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Campbell v. Kvamme

Supreme Court of Idaho

December 31, 2013

Pocatello, May, 2013 Term.
v.
James C. KVAMME and Debra Kvamme, Defendants-Respondents-Cross Appellants. V. Leo CAMPBELL and Kathleen Campbell, Plaintiffs-Appellants-Cross Respondents,

Pocatello, May, 2013 Term.

Page 105

Manwaring Law Office, PA, Idaho Falls, attorney for Appellants. Kipp Manwaring argued.

Justin R. Seamons, Idaho Falls, attorney for Respondents. Justin R. Seamons argued.

W. JONES, Justice.

I. NATURE OF THE CASE

Leo and Kathleen Campbell (the Campbells), appeal the district court's denial of their motion for reconsideration of the district

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court's grant of summary judgment to James and Debra Kvamme (the Kvammes). The Campbells and the Kvammes own adjoining land and dispute whether a fence between their respective properties constitutes the true boundary of their land. The district court found that a land survey submitted by the Campbells lacked adequate foundation to be admissible and thus awarded the Kvammes summary judgment. The Campbells filed a motion for reconsideration accompanied with the affidavit of their land surveyor. The district court denied their motion for reconsideration. The Campbells appeal, the sole issue being whether the district court abused its discretion when it disregarded the affidavit of their land surveyor in their motion for reconsideration. The Kvammes cross-appeal and argue the district court's grant of summary judgment can be sustained on the alternate theories of adverse possession and boundary by agreement or acquiescence.

II. FACTUAL AND PROCEDURAL BACKGROUND

Plaintiffs, the Campbells, and defendants, the Kvammes, own parcels of real property located in Section 17, Township 3 North, Range 38 East of the Boise Meridian, Bonneville County, Idaho. The north boundary of the Campbells' parcel is contiguous with the south boundary of the Kvammes' parcel. Between the parties' respective parcels of land is a fence. The Campbells allege that the fence does not sit on the actual boundary line of the property, but instead they allege that the actual boundary line is about fifteen feet north of the fence.[1] Meanwhile, the Kvammes maintain that the fence is the actual boundary line between the parties' respective parcels of land. Neither party knows when the fence at issue was erected. But the fence has been in its present location since at least 1950. Leo Campbell testified that he believes the fence has been in place since before 1919.[2]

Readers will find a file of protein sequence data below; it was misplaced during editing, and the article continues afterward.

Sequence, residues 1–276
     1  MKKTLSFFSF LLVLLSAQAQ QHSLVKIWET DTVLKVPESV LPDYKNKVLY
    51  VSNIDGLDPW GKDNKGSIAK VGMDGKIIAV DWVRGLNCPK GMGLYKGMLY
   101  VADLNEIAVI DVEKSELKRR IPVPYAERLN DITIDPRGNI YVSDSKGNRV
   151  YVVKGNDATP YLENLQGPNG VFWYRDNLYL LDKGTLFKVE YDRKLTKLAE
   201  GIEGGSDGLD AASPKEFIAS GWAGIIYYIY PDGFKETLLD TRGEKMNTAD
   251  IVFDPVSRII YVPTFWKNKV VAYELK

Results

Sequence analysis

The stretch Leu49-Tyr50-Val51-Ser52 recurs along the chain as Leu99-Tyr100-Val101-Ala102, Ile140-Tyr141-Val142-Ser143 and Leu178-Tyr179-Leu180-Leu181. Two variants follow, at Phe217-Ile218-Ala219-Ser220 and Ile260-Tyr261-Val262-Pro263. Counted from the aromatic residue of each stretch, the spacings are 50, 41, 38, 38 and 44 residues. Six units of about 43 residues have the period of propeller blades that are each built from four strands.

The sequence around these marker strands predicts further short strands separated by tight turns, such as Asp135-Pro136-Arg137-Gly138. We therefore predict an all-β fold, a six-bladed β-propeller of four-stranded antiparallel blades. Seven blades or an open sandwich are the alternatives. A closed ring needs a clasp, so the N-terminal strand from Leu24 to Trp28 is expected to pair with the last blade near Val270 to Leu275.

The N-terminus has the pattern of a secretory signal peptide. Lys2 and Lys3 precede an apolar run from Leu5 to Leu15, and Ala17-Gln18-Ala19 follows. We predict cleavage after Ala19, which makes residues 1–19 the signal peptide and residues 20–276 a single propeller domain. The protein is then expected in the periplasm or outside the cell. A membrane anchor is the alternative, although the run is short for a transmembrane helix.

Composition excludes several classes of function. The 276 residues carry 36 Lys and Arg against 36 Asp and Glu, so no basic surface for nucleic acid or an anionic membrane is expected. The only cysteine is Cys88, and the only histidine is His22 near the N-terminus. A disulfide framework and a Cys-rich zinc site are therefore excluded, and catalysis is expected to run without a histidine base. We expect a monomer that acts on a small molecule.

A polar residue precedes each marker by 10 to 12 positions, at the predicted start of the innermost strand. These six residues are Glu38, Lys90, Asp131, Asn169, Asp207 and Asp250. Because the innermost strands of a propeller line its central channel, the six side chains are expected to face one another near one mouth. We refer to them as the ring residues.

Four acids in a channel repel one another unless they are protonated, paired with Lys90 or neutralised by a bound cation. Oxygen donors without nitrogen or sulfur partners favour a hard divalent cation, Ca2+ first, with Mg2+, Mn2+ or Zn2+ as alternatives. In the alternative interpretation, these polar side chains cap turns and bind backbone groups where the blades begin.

The Campbells filed a complaint on June 30, 2010, to quiet title to the fifteen feet of property north of the fence. On July 27, 2010, the Kvammes filed an answer and counterclaim in which the Kvammes maintained that the fence was positioned at a point equidistant of a nominal quarter section, which manifested the creation of a partition fence. Or in the alternative, the Kvammes argue that the fence was the agreed upon boundary of the property.

On May 17, 2011, the Campbells filed a motion for partial summary judgment. In support of the Campbells' assertion that the boundary of their property is fifteen feet north of the fence, the Campbells submitted an affidavit of their attorney with a copy of a survey performed by Kevin Thompson of Thompson Engineering. The Campbells rely on that survey to demonstrate that the fence lies within their property and not on the actual boundary. On July 7, 2011, the Kvammes

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filed a motion for summary judgment. The district court heard the motions for summary judgment on September 12, 2011. In support of the Kvammes' assertion that the fence is the actual or agreed upon boundary of the properties, the Kvammes supported their argument with the affidavit of Kim H. Leavitt. Leavitt is a professional land surveyor in Idaho. Leavitt determined that based on the original survey of Section 17 in 1877, the fence, which is exactly 3,960 feet from the ...


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